The Gardaí are in disarray with low recruitment figures, 71 resignations from the force already this year and 172 retiring in the first six months of 2023. Fianna Fáil TD Jim O’Callaghan reacted to this drain from the force by calling for the mandatory retirement age of 60 to be upwardly considered. He also wants to allow recruits over the age of 35 to join. “It’s not the only answer, but it’s a significant answer and that’s an important part of the solution” he told RTE News. Strangely, there was no mention of pay and conditions which were disseminated following the 2008 crash. His only suggested solution is of the “Dads Army” variety.
Pay and Conditions?
Justice Minister Helen McEntee whose income was raised several times in the intervening period admitted that Garda recruitment was not where the Government wanted it to be, saying she wished they were further ahead. The Department of Justice said a review of the Garda retirement age is already under way. Garda sergeants and inspectors have also called for the age to be increased to above 60. There was no mention of a review of pay and conditions. Almost 2,500 Gardaí will retire in the next ten years between now and 2033 based on their years of service.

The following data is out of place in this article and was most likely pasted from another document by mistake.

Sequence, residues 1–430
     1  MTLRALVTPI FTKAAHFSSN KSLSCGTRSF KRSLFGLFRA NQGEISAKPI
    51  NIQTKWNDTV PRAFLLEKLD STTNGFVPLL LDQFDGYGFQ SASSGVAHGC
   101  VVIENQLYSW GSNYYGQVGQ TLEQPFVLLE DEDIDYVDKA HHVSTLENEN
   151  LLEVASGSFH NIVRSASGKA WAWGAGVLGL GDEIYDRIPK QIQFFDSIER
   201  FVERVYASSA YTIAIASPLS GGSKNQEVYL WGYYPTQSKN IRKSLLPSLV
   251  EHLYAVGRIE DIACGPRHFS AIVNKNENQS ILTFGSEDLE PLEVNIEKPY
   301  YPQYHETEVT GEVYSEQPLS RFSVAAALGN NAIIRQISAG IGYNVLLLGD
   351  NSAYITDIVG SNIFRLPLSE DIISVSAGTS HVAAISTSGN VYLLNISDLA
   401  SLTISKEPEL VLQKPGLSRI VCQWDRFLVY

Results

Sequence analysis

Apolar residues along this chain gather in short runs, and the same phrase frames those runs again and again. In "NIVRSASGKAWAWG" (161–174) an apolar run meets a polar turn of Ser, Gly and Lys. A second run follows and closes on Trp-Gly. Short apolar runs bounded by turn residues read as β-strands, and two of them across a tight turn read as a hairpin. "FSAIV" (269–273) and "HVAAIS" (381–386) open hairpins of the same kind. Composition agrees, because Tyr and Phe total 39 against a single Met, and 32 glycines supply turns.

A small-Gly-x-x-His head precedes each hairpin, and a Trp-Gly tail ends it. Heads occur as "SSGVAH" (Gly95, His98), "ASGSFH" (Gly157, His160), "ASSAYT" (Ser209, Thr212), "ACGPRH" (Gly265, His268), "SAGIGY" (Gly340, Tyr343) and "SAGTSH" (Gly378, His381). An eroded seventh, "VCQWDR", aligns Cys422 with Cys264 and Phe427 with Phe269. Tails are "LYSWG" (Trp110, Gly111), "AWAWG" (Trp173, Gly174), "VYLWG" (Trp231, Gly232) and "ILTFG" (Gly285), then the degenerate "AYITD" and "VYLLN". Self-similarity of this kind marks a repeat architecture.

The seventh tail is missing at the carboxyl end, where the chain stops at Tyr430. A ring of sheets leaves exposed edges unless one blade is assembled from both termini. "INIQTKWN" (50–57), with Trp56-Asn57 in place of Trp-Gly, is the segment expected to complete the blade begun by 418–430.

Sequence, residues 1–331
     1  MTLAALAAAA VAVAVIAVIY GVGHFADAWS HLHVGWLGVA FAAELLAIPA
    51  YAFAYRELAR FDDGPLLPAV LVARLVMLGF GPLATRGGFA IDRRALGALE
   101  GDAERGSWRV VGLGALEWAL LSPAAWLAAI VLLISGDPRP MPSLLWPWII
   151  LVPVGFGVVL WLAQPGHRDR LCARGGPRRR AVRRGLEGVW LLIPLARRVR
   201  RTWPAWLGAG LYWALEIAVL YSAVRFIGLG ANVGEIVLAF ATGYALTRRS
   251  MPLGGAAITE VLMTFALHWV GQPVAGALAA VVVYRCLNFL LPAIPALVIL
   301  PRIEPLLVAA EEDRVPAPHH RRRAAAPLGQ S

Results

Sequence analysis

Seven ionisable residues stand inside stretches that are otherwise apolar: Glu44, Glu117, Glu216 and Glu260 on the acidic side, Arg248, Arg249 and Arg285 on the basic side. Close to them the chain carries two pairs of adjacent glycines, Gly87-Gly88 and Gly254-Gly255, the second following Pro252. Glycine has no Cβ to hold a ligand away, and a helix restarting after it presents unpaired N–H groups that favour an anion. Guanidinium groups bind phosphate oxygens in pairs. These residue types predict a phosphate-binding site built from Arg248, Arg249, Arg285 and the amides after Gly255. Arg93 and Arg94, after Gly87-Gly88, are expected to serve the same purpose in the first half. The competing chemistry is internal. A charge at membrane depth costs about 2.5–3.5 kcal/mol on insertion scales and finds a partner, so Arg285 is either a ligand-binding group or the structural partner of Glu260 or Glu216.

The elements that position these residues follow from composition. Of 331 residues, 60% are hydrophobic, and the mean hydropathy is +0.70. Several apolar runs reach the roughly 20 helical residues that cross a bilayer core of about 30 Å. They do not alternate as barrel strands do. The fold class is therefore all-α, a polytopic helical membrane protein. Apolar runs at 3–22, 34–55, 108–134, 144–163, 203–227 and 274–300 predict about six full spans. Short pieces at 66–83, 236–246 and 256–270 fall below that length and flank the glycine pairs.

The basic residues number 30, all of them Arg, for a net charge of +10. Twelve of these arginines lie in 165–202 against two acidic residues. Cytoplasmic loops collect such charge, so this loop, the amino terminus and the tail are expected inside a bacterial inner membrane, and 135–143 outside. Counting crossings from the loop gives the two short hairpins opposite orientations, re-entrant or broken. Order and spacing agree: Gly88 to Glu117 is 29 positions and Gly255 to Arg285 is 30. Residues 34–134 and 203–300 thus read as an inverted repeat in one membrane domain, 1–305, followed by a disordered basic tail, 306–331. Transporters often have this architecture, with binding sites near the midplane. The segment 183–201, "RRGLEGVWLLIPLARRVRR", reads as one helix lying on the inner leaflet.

Dads Army is No Solution
Safety on the streets has become something of a major headache for the Government following a series of violent incidents in Dublin city centre with tourists as well as locals being attacked and mugged by marauding gangs of thugs terrorising the city centre due to the absence of Gardaí. O’Callaghans “Dads Army” offers no solution and neither does Minister McEntee sticking plaster solution. McEntee announced €10 million to increase Garda visibility by providing for 240,000 extra Garda hours, or 20,000 extra Garda shifts, aimed at putting more Gardaí on Dublin City centre streets but that only suffices until the end of year. Its either more money, Dads Army or more lawlessness. The solution is obvious to everyone except the government.